How to Trace Email Routing

by Madison Carter Google
An email sender can attempt to hide his identity using public computers.

An email sender can attempt to hide his identity using public computers.

Ryan McVay/Photodisc/Getty Images

The success of tracing the origin of an email depends on many factors outside your control, and senders might use a proxy or VPN service to hide their IP address. Also, depending on whether the sender initiated the email online or with a desktop application, you may not see the IP address of the user. Instead, you may only get the IP address that the email provider used to send the email. If the sender doesn't attempt to mask the IP address, you can trace the email to a general geographic location. Depending on your method of receiving email, various methods exist to locate the email headers and then paste the headers into an online form designed to locate the source of the email.

Find Email Headers

Step 1

Select the email message in Apple Mail. Click the "View" menu, choose "Message" and select "All Headers" to view and copy the headers.

Step 2

Locate the email message in Outlook for Windows. Select the "File" tab, click the "Properties" button and copy the headers listed in the Internet Headers section.

Step 3

Select the email message in Gmail, and click the arrow next to the Reply button. Select "Show Original," and copy the headers displayed.

Step 4

Right-click on the email message using Hotmail or Yahoo. Click "View Source" in Hotmail or "View Full Headers" in Yahoo, and then copy the headers.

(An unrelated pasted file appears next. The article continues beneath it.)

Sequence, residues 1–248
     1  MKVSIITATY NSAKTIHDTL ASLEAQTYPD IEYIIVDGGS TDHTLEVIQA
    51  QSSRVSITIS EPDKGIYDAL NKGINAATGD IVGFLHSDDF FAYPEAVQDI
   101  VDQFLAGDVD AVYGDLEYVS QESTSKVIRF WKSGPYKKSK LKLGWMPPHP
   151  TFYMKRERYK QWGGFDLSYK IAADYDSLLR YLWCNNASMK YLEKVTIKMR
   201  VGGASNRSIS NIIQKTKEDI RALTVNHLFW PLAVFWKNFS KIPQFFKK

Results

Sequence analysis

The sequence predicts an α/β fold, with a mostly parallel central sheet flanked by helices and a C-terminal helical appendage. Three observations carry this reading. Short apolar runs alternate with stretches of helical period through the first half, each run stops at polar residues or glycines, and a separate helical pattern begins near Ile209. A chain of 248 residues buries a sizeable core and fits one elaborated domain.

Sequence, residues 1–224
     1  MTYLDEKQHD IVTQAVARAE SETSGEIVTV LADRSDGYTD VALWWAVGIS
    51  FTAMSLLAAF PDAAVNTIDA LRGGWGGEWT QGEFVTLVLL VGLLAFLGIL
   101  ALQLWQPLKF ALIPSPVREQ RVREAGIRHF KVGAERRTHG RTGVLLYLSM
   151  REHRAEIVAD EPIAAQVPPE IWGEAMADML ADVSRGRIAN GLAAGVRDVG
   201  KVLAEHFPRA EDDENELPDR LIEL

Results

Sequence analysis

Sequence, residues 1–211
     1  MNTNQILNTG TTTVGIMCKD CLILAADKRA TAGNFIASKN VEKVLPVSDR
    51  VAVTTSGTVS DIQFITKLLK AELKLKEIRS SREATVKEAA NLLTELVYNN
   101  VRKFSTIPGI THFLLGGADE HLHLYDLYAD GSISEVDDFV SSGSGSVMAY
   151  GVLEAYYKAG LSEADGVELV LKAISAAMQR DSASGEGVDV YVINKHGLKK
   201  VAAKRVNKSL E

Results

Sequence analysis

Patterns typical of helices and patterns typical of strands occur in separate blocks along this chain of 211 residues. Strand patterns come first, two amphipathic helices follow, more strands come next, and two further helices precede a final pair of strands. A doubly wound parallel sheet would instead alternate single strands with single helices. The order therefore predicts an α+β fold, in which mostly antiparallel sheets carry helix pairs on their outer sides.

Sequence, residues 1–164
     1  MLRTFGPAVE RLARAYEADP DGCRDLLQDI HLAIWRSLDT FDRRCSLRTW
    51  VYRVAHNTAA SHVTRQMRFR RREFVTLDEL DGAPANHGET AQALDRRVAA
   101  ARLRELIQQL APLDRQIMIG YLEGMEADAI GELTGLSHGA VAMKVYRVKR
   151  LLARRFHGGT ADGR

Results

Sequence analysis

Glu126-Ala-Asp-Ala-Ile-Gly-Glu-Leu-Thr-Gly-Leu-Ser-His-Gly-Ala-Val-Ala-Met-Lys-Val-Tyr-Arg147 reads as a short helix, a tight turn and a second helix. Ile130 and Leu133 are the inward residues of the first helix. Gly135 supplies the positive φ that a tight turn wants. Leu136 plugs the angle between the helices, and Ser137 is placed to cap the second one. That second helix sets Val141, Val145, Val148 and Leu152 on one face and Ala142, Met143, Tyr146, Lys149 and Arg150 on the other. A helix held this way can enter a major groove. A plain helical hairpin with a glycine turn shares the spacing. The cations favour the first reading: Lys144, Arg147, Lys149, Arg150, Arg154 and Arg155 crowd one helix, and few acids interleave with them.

Find Source Information

Step 1

Access a website designed to locate the source of an email based on the email headers. The WhatIsMyIPAddress, IP2Location and Levine Central websites all provide a form to submit and parse email headers (link in Resources).

Step 2

Paste the email headers retrieved from your email client into the website form.

Step 3

Click the "Get Source," "Lookup" or "Parse" button to identify the source of the email message.

Step 4

Scroll down and view the location information listed in the Location field, or click the link for the IP address listed to show more information about the location.

About the Author

Madison Carter specializes in computer technology, computer repair, operating system support, security, digital audio and recording. She writes professionally for IBM, STACK daily news, Angie's List and NewMusicBox.org. Carter holds a doctoral degree from the University of Washington.

Photo Credits

  • Ryan McVay/Photodisc/Getty Images